Will I ever change?
“I’m tired of always struggling with the same stuff. I’ve been working on these issues for over a decade of my life. Will it ever end? If the answer is no, then why even bother to work on it in the first place?”
It was with these pointed, rhetorical questions that a fellow therapist started our conversation the other day. “Oh, friend,” I thought to myself, “If only you knew how many times I have asked myself these very questions regarding my own struggles.” The truth is that these fleeting, nagging doubts occupy my mind more often than not.
- Will I ever learn how to let go?
- When will I be able to leave these past mistakes behind and no longer be constrained by them?
- What will it take for me to give up these old ways of coping that I know without a doubt will not take me where I want to go?
- At what point in life will I become the person I want to be so I can enjoy my own company when all distractions are gone?
- When, when, when?…
As a therapist, I make my living helping people change, coaching them into this mysterious process whereby they are morphed into healthier, more satisfied, and fuller versions of themselves. And yet… Here I am confessing that I myself struggle with lack of change in my own life. Isn’t that like a driver who admits to not knowing how to drive or a carpenter who does not quite know how to build things?
Not quite so.
My clients have taught me that struggling with change is an essential part of the human journey. In our own way, we all long for the day when things will change—our circumstances, our loved ones, and especially ourselves. Craving change and feeling stuck is not something that automatically goes away based on one’s occupation, IQ, age, or even—dare I say it—bank account. Stuckness, as I call it, is an equal opportunity foe.
But here is the good news: we don’t have to wait until “it” changes (whatever your “it” may be) before we can start enjoying life or living it purposefully. This is, in fact, one of my utmost goals for both my clients and me—that we all learn how to live fully in the present even when situations outside of their control remain the same. To do otherwise is to neglect the present while waiting for a future that may never be. The mother of the alcoholic teenager can learn to find meaning and to take care of herself even though her son is struggling. The single young adult can pursue his interests and develop a rich life while still longing for a romantic partner to fill that hole in his heart. I can enjoy the close relationships I have now, at this moment, around me, even though I am thousands of miles away from my family and friends in Brazil.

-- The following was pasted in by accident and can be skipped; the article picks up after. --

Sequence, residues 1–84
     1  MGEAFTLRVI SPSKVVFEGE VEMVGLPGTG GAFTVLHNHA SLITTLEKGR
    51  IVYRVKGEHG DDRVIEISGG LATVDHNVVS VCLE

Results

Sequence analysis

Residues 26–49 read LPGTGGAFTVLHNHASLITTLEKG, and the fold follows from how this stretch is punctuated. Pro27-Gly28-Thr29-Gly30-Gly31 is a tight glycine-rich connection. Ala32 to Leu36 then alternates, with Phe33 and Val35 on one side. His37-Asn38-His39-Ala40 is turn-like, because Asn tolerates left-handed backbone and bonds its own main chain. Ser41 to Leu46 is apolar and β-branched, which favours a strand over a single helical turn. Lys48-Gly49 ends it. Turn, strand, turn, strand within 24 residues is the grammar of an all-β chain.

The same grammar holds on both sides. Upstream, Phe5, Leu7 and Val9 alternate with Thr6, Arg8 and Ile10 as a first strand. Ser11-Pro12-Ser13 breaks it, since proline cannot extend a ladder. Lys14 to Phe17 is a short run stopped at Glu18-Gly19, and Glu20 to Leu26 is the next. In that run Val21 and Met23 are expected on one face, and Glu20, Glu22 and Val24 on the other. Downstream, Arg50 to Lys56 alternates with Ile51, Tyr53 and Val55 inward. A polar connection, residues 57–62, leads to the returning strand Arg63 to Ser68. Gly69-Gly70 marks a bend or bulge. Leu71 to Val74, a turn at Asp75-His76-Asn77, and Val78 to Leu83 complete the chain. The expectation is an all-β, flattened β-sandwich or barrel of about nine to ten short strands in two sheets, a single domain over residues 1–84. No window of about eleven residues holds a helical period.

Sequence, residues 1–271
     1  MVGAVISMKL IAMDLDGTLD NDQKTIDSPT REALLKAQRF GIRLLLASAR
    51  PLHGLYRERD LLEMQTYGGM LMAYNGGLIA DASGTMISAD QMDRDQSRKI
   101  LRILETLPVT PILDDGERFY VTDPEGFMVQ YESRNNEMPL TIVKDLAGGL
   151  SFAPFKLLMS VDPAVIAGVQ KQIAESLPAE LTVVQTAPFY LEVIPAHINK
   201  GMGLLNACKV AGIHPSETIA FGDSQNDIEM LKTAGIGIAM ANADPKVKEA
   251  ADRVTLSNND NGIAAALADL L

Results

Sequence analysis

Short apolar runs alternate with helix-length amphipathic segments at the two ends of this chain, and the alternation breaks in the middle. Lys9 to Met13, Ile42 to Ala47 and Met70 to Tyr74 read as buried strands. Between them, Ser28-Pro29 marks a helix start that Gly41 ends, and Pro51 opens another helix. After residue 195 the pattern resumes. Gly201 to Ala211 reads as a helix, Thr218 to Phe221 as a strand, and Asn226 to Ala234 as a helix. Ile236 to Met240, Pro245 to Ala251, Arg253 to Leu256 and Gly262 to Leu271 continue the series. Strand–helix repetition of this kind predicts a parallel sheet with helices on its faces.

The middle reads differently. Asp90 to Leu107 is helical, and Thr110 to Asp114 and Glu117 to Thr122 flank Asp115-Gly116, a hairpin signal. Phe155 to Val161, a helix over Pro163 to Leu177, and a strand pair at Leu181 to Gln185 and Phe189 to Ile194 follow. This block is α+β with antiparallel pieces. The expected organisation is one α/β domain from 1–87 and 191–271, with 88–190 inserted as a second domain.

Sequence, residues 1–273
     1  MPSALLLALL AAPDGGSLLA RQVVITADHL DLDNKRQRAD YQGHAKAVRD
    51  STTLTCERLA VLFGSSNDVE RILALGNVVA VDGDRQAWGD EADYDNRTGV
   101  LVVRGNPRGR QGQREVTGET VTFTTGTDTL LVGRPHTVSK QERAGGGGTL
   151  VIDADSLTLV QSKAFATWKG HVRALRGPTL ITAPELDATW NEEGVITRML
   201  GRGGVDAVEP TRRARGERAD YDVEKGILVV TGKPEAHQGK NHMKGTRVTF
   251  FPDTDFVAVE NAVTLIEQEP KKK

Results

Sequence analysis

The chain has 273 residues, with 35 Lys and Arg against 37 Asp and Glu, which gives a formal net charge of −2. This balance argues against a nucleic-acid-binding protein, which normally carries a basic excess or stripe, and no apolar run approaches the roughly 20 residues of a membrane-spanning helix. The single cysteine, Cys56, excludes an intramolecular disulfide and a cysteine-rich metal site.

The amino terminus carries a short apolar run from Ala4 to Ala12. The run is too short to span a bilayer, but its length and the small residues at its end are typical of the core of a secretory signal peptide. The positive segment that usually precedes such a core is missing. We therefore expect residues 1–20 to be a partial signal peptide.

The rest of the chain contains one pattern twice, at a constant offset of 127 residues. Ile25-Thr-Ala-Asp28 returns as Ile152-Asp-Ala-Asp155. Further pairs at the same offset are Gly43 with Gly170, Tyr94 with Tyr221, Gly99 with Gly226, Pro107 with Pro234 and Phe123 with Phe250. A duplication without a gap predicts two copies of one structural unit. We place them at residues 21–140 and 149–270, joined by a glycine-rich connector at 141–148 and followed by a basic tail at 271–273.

Just to make myself clear: accepting the present does not mean that I quit fighting for a different future. To embrace my stuckness is not the same as settling or giving up.
You see, stuckness is OK. It’s just a feeling. And as with all feelings, it comes and goes. No feeling stays forever. The key to being able to move on and change while feeling stuck is this: learn to embrace the tension between letting yourself feel…while not letting your emotions control you. This requires learning how to live in two places at once. On the one hand, it is good for me to take a close look at my stuckness when it surfaces in my heart: What’s prompting it? What other feelings are connected with it? What is this stuckness telling me I cannot do? How is it trying to limit me? At the same time, while acknowledging the longing for what is not, I must also reconnect with my values and dreams: What kind of person do I want to be today, at this moment? What is important to me now? What values do I want to pursue today for my relationships, my life, and myself?
In the end, our options are really quite simple (though not necessarily easy). We can wait until things change before living the life we want… Or we can learn how to live said life even when we are feeling stuck.
When I become mindful of my present while still staying committed to my priorities, I learn that change happens even when there is no change. We can grow even when feeling stuck. Today does not have to take second place to the possibility of tomorrow. And if you are feeling stuck, I’d advise that you seek professional counseling which can help guide you down a more joyful and fulfilling path.
Written by Joa Braga, LPC-S